Supreme Court: Don’t Take Abortion Pill Off Market — Yet

News: US News
by Christine Niles  •  •  April 21, 2023   

Two Catholic justices dissent, would halt sales of RU486

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Justice Samuel Alito

WASHINGTON ( -  The U.S. Supreme Court is temporarily allowing continued sales of the abortion drug mifepristone.

In a Friday order, the high court agreed 7–2 with the U.S. Food and Drug Administration (FDA) in allowing the company Danco to continue to manufacture and sell the abortion pill as litigation continues in the 5th U.S. Circuit Court of Appeals.

The high court makes clear the order is temporary, and could terminate on the final disposition of the case in the 5th Circuit Court.

Two justices, Clarence Thomas and Samuel Alito, dissented, and would have continued to halt the manufacture and sale of the abortion drug during the pending litigation. 

Alito wrote a brief opinion, arguing that the FDA failed to prove it would be "irreparably harmed" if it were forced to pause manufacture and sales of mifepristone:

[T]he applicants' argument on irreparable harm is largely reduced to the claim that Danco could not continue to market mifepristone because the drug would be mislabeled and that distribution could not resume until Danco jumped through a series of regulatory steps that would be largely perfunctory under present circumstances. That would not take place, however, unless the FDA elected to use its enforcement discretion to stop Danco, and the applicants' papers do not provide any reason to believe the FDA would make that choice.

Alito authored the groundbreaking 2022 opinion Dobbs v. Jackson Women's Health, which overturned Roe v. Wade, sending the abortion issue back to the states to be resolved through the democratic process.

As more and more states have begun to pass bans on abortion, debate has begun to focus on the abortion pill, with abortion advocates hoping to get around the bans by sending abortion drugs by mail to women who desire to kill their unborn children.


Mifepristone, also known as RU486, is the first in a two-drug regimen used to kill unborn children. It works by flooding the body with a chemical that blocks progesterone, naturally produced during pregnancy. The second drug, Misoprostol, brings on severe cramping and bleeding, leading to expelling the child from the mother's body.

Women who have taken the drug admit it is far more traumatizing and agonizing than commonly reported. And because the FDA dropped the requirement that manufacturers report side effects from, mifepristone's safety is unknown.

More than 60% of women and girls' emergency room visits after chemical abortions are miscoded as miscarriages.

In fact, this was one of the reasons the lawsuit arose. In 2021, a group of doctors and medical organizations sued the FDA over its 2000 approval of mifepristone and its 2016 lifting of restrictions, among other things, while failing to conduct adequate safety checks.

The plaintiffs argued that the FDA unlawfully fast-tracked approval of the drug in 2000 by labeling pregnancy "a life-threatening illness," which then allowed it to bypass the normal review process.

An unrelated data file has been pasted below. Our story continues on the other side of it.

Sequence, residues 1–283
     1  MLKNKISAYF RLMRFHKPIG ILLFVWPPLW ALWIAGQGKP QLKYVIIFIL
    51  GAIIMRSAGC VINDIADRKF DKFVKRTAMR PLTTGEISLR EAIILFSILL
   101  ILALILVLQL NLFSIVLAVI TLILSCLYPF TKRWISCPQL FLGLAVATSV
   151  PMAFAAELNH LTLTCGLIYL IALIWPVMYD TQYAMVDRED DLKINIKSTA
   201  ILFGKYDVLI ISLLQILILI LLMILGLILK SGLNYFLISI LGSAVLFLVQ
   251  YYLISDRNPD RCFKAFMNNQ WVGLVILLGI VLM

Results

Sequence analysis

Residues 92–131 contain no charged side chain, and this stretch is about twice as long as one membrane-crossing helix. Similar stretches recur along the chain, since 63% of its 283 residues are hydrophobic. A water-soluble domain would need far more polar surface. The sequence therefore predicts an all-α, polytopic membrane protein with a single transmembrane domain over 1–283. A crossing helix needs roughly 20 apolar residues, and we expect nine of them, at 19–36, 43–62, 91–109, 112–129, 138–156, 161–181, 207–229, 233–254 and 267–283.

The district court agreed. Judge Matthew Kacsmaryk rejected the FDA's claim that pregnancy is an illness: "Pregnancy is a normal physiological state most women experience one or more times during their childbearing years — a natural process essential to perpetuating human life. Defendants even admit pregnancy is not an 'illness.'"

The judge also agreed that the FDA's removal of restrictions in 2016 was "arbitrary and capricious."

That year, the FDA (1) extended the maximum gestational age of the unborn child from 49 to 70 days; (2) decreased required doctors' visits from three to only one; (3) permitted non-physicians to prescribe the abortion drug; and (4) got rid of the requirement to report any side effects other than death.

In footnote 22, the judge explains:

At least 4,213 adverse events from chemical abortion drugs have been reported. ... But the actual number is likely far higher because non-fatal adverse events are no longer required to be reported, and because more than 60 percent of women and girls' emergency room visits after chemical abortions are miscoded as miscarriages.

After the FDA removed the requirement that complications other than death need not be reported, the FDA then claimed — citing the new lower statistics for complications — that mifepristone was safe.

Kacsmaryk blasted the circular reasoning:

[It] is circular and self-serving to practically eliminate an "adverse event" reporting requirement and then point to a low number of "adverse events" as a justification for removing even more restrictions than were already omitted in 2000 and 2016. In other words, it is a predetermined conclusion in search of non-data — a database designed to produce a null set. 

 The 5th Circuit Court of Appeals agreed:

Imagine that an agency compiles studies about how cars perform when they have passive restraint systems, like automatic seatbelts. ... For nearly a decade, the agency collects those studies and continues studying how cars perform with passive safety measures. Then one day the agency changes its mind and eliminates passive safety measures based only on existing data of how cars perform with passive safety measures. 

The appellate court noted that the FDA "failed to examine the relevant data" when it made these changes. It also "relied on zero studies that evaluated the safety-and-effectiveness consequences" of the 2016 changes.

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